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March/April 2020

The First Year: Transforming Women’s Lives

Ten years ago, Kristi Bieber walked into a 30 Minute Hit in Surrey, British Columbia and changed her life. At the time, she was a stay-at-home mom with two kids, so a guided kickboxing class outside of the house designed specifically for women seemed like just what she needed. But she soon found that it wasn’t just the “killer” 30-minute workout she was after, but the confidence these classes instilled and the strong sense of community they fostered. “I fell in love with it,” she says.

She loved it so much, in fact, that Bieber, her husband, and now three kids moved to Vernon, B.C. specifically to open a 30 Minute Hit location. At the end of 2014, she called up the corporate team at 30 Minute Hit, and asked: “Do you guys want a Hit in Vernon?” Their response: “Absolutely.” Five months later, she opened her location in a little strip mall on the outskirts of the city and jumped into one of the most challenging and rewarding years of her life.

The premise of 30 Minute Hit is simple: participants, aka “hitters,” spend two minutes at each of the 13 stations, which are based on boxing, kickboxing, general self-defense, and core stability training. The final station, a mannequin lovingly known as BOB (Body Opponent Bag), is where they can put to use everything they’ve learned on the circuit – punches, kicks, etc. Instructors are there at all times, bouncing from hitter to hitter, to help with technique and motivation.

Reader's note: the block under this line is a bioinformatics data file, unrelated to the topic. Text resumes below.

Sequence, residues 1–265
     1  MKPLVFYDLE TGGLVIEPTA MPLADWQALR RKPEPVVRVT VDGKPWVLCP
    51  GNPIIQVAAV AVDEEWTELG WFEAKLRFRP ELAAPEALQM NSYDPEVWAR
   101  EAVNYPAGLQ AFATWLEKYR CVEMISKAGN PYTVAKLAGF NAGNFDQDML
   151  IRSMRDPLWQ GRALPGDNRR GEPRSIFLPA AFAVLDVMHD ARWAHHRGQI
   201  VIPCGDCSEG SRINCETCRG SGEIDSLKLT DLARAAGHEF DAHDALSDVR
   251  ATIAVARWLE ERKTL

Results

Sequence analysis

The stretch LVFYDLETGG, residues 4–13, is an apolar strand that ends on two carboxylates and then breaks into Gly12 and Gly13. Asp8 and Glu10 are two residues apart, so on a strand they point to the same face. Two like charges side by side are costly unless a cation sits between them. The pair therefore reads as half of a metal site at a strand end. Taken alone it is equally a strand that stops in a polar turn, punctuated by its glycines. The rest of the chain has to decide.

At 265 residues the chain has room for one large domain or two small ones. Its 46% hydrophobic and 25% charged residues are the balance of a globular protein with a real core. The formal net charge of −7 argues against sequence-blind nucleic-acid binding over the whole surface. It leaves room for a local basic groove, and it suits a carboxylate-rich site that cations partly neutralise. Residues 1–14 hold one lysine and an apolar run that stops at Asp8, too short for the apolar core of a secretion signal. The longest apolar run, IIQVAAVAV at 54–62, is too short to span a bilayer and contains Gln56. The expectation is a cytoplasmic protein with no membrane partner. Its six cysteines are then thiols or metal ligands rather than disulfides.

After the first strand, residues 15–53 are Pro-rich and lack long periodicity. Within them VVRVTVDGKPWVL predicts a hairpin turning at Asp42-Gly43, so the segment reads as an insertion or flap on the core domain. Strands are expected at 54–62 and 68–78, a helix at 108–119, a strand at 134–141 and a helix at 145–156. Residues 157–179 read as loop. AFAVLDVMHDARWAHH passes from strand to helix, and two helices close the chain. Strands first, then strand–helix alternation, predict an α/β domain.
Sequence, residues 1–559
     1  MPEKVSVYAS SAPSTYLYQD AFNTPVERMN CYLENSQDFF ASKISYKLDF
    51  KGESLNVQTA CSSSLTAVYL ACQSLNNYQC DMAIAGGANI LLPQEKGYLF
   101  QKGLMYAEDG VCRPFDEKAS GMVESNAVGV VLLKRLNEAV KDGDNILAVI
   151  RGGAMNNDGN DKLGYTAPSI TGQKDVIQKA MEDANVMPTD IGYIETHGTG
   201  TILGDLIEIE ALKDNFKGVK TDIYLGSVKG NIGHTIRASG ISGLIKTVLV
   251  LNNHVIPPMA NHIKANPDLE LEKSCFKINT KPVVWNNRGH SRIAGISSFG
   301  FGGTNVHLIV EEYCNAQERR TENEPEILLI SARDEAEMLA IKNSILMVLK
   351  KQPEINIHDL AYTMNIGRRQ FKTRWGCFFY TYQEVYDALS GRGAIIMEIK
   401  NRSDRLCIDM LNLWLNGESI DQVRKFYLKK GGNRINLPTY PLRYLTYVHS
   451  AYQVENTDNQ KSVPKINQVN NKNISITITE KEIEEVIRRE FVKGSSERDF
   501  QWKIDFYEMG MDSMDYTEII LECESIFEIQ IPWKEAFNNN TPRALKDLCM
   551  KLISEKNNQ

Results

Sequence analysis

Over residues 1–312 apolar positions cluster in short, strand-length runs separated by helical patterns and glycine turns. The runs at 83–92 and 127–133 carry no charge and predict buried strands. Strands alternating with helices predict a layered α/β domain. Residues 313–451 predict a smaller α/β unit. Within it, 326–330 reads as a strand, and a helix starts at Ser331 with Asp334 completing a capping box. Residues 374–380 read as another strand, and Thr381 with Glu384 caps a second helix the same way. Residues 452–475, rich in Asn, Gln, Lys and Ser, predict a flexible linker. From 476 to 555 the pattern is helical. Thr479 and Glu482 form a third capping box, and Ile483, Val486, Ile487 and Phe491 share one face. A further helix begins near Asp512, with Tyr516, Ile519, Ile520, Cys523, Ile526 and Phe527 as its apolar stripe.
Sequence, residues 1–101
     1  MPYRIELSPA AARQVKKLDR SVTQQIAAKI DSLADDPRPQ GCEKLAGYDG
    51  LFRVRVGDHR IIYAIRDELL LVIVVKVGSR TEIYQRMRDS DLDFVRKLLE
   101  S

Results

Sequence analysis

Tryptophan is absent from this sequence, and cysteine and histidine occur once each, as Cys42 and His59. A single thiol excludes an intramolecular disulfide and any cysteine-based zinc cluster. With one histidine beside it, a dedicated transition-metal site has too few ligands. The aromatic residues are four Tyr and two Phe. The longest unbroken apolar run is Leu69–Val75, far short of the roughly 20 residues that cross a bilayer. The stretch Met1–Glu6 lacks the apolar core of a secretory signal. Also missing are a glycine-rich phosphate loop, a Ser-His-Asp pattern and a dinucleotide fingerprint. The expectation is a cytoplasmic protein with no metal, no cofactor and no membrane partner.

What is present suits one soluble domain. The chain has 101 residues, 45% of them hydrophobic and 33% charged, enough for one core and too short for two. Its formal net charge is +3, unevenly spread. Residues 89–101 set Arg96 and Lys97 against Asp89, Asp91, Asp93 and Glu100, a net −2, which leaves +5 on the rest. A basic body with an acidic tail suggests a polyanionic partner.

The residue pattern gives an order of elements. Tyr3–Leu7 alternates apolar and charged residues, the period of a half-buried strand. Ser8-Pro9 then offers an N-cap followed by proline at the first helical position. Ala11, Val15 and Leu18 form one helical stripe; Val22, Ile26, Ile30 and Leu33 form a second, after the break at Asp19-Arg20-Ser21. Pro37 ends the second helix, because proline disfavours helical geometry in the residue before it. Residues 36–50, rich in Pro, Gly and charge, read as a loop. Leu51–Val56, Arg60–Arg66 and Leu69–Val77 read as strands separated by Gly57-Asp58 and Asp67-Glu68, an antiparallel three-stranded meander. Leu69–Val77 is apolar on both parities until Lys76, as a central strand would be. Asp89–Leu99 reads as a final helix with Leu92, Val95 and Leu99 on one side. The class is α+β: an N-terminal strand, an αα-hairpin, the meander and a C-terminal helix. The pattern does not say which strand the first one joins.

The franchise was started by Jackson and Deanna Loychuk in 2004, partly as a way to forego some of the challenges that women face in typical boxing and kickboxing classes: inflexible class schedules, leering men twice their size, and expensive fees for training that wasn’t always the right fit. As of writing, there were 57 locations in Canada and nine in the U.S. There are also plans to open eight more in Canada, nine more in the U.S., three in Riyadh, Saudi Arabia, and one in Belfast, U.K.

The initial franchisee investment ranges between $100,000 and $165,000, and the royalty rates are based on a flat fee system that starts at $500 per month. Franchisees have come from a wide variety of backgrounds, from finance to personal training, but the two main qualities the franchise looks for in franchisees are energy and passion.

By all accounts, Bieber, who came with an education in public relations and several years of experience in the restaurant industry, had that energy and passion in spades. And while she loved the 30 Minute Hit concept already, what really drew her to becoming a franchisee was the flexibility it offered. “Lifestyle is super important to me – my kids always come first,” she says. “So, when I expressed that in initial meetings with Deanna and Jackson, they were very supportive of that, because that’s how they want their franchisees to live.”

As Bieber found out in her first year in business, that wasn’t lip service, either. She was busy, of course, but she wasn’t working 80-hour weeks, and she was able to get her kids to school every day, pick them up, and put them to bed. She was even able to take a week-long trip to Mexico for a friend’s wedding.

Transforming women’s lives